Earlier this week, Microsoft released a strongly worded advisory regarding a Critical vulnerability affecting the Remote Desktop Protocol (RDP). I’ve been looking over the advisory, and now that Luigi Auriemma has also released his original Proof of Concept there’s even more detail to go on.
There are tons of posts, assessments, etc out there on the ‘Net now, and I’m not going to regurgitate all that data. What I am going to do is explain some mitigation actions for an assumed audience of Control System engineers, and lay out a basic process for mitigating that involves vendor participation.
RDP is used in control system environments as a remote administration and maintenance tool, or as a means to access an application that engineers can’t distribute over their entire infrastructure due to licensing costs. It’s especially used in multi-vendor environments, basically to allow a single console to act over the multiple vendors. It is also used extensively for remote troubleshooting and maintenance activities, one of the higher risk functions. I’ve even seen it used as a primary method of operator interaction with the central SCADA server. In summary, it’s used everywhere, rarely managed on the internal network, and is often allowed from the corporate network and even over Internet (doubt that?).
The consequences of being exploited are severe: Computers targeted by currently available exploit code will freeze, show a blue screen of death, or will slow down and crash processes. Use of Remote Desktop in a control system environment on unpatched systems makes that system vulnerable to losing control of the process due to unavailable workstations. Proof of concept code is available on the ‘Net as we speak for crashing systems via this bug. Additionally, this exploit has the potential to be wormable, which means that even systems that are not directly accessible via the Internet could be affected as secondary infections.
The first level of mitigation is to identify, and eliminate, any remote desktop connections that can come from outside your control system network perimeter. If Remote Desktop (TCP 3389) is allowed through the perimeter unchallenged, you are vulnerable. The use of multi-factor authentication (like that required for NERC perimeters) is also a good mitigation measure.
Second, identify all systems within your perimeter that have Remote Desktop enabled, and list them as vulnerable. Go through each system individually, and disable Remote Desktop unless the system literally cannot function without it. If you aren’t sure how to disable Remote Desktop, there is a simple instruction. This exercise mitigates the vulnerability to each individual system. As operator workstations are typically highly critical systems that run Windows XP, prioritize disabling Remote Desktop on those systems.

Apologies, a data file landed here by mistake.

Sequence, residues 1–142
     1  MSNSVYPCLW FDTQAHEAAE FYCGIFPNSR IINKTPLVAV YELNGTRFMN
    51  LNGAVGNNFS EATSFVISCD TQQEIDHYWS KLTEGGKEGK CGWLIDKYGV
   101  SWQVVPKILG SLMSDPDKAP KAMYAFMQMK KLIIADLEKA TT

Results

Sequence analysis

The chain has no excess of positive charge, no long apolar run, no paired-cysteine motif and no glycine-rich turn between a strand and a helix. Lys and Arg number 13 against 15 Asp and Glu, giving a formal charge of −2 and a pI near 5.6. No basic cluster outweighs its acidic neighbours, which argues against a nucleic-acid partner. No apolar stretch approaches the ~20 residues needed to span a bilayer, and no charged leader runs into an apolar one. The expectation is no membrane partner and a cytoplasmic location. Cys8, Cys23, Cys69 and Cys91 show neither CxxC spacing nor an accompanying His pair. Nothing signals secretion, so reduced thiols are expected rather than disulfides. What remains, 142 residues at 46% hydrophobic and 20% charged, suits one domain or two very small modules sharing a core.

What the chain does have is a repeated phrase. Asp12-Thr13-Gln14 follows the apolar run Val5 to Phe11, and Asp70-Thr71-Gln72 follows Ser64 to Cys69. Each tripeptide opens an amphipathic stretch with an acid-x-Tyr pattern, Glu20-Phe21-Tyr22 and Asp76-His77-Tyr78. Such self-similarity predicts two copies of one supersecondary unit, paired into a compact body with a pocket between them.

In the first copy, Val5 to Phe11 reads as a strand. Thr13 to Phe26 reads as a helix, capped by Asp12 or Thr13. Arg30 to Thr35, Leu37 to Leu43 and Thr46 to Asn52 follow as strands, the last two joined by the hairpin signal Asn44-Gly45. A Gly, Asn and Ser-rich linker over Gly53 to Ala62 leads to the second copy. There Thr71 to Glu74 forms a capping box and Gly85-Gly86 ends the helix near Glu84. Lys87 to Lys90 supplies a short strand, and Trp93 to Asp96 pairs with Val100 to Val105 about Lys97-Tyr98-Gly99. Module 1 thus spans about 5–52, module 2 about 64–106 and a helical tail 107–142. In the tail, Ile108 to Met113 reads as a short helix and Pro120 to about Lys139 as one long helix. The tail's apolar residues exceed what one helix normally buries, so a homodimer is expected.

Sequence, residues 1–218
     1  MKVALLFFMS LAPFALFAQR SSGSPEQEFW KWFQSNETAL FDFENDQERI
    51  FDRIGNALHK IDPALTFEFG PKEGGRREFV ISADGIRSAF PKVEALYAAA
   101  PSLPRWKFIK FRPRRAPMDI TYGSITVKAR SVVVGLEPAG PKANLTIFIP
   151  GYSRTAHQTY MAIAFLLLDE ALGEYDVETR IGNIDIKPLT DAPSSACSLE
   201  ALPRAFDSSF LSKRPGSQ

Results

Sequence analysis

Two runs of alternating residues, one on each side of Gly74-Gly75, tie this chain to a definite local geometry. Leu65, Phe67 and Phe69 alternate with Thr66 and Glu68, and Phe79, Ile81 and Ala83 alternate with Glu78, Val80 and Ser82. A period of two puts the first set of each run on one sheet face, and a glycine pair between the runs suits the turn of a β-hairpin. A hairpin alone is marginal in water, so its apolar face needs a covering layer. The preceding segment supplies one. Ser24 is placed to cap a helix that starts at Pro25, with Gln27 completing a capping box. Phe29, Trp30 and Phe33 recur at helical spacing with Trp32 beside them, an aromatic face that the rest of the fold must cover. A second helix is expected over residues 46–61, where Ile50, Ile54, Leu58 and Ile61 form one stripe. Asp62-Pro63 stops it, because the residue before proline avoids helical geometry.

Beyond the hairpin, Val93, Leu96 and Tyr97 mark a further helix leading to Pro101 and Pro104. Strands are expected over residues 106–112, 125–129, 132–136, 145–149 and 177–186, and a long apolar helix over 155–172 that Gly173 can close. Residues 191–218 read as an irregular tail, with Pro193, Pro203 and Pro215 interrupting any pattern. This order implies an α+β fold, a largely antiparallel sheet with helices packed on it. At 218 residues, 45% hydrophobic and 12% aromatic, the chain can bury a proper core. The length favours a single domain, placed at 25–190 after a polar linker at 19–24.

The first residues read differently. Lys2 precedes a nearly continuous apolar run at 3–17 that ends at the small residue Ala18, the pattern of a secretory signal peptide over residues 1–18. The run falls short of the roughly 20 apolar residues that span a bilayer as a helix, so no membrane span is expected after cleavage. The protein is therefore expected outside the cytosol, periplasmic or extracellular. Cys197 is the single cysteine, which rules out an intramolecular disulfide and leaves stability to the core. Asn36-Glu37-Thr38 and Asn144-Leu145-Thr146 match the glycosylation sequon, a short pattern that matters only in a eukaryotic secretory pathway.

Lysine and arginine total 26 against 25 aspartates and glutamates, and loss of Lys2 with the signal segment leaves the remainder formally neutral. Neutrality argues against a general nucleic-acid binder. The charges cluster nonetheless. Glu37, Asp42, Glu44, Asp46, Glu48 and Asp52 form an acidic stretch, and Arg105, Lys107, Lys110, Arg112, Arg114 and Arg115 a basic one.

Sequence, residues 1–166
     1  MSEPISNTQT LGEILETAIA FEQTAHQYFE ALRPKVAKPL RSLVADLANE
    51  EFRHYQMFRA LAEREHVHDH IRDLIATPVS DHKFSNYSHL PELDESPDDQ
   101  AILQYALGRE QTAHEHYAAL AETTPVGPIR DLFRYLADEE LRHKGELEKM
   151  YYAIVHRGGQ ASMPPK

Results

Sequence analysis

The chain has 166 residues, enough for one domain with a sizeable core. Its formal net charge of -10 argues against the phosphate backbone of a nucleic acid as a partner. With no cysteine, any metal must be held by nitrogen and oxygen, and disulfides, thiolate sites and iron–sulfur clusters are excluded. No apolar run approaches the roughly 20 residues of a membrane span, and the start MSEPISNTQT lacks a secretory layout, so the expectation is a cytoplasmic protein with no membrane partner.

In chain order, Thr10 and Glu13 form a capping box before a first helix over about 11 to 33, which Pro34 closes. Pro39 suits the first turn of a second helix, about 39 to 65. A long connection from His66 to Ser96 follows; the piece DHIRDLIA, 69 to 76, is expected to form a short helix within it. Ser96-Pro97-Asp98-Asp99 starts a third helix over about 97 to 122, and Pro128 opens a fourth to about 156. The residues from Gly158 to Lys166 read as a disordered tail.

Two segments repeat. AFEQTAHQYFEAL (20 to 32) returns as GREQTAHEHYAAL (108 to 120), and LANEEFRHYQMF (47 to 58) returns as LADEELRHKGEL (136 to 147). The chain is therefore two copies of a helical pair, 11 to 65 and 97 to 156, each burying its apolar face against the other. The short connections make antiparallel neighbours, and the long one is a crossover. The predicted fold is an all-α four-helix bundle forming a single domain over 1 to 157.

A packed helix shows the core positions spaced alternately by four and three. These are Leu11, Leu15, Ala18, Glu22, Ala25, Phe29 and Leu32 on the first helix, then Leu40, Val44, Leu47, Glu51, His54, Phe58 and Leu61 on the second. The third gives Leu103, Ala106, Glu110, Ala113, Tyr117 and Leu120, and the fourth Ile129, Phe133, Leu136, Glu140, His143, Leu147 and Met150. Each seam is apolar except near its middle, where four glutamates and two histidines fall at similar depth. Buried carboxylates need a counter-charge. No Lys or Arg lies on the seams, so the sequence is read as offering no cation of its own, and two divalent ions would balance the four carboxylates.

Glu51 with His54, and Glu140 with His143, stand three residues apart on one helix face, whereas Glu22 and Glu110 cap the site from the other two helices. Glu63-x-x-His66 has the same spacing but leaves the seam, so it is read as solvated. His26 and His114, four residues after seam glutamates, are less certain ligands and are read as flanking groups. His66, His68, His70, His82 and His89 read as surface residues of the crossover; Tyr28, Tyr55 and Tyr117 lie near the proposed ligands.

Last, work with your vendors on how to best patch your systems. You’ll need to ensure that the Remote Desktop patch doesn’t affect your process, but recognize that your systems are vulnerable until patched. Back at my old job, this is a patch I would recommend be applied to vulnerable systems within the next 2-3 weeks, namely because it affects only the Remote Desktop service, and not any other underlying APIs and functions. I would have classified it as “low risk to process, high-med vulnerability”. But, we also had extremely good perimeter protection, without that protection systems would be highly vulnerable.
While Microsoft’s posts discuss that Network Level Authentication (NLA) is a possible mitigation measure, for control systems it isn’t. Critical Control systems just don’t stay as current as IT systems, and our highly critical systems are often running Windows XP or Windows 7, not Server. NLA requires specific measures to be installed on both clients and servers, which takes much more time than simply disabling Remote Desktop until you are patched.
I’m going to spend some time looking around at control system vendor sites to see what guidance is available on how to patch affected systems. If you want to help me out, let me know of any guidance you’ve seen via the comments below, via twitter (@mtoecker), or via email (email@example.com)..
ED: Forgot Attribution and ‘more’ tag. – MT
title image by Dave Stokes